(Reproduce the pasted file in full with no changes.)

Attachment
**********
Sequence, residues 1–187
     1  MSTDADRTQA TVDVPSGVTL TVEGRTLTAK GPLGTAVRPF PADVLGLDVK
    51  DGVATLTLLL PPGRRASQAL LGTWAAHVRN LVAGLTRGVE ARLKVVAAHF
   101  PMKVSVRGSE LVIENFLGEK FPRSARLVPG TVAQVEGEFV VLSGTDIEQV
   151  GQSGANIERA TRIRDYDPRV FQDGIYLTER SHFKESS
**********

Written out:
Sequence, residues 1–187
     1  MSTDADRTQA TVDVPSGVTL TVEGRTLTAK GPLGTAVRPF PADVLGLDVK
    51  DGVATLTLLL PPGRRASQAL LGTWAAHVRN LVAGLTRGVE ARLKVVAAHF
   101  PMKVSVRGSE LVIENFLGEK FPRSARLVPG TVAQVEGEFV VLSGTDIEQV
   151  GQSGANIERA TRIRDYDPRV FQDGIYLTER SHFKESS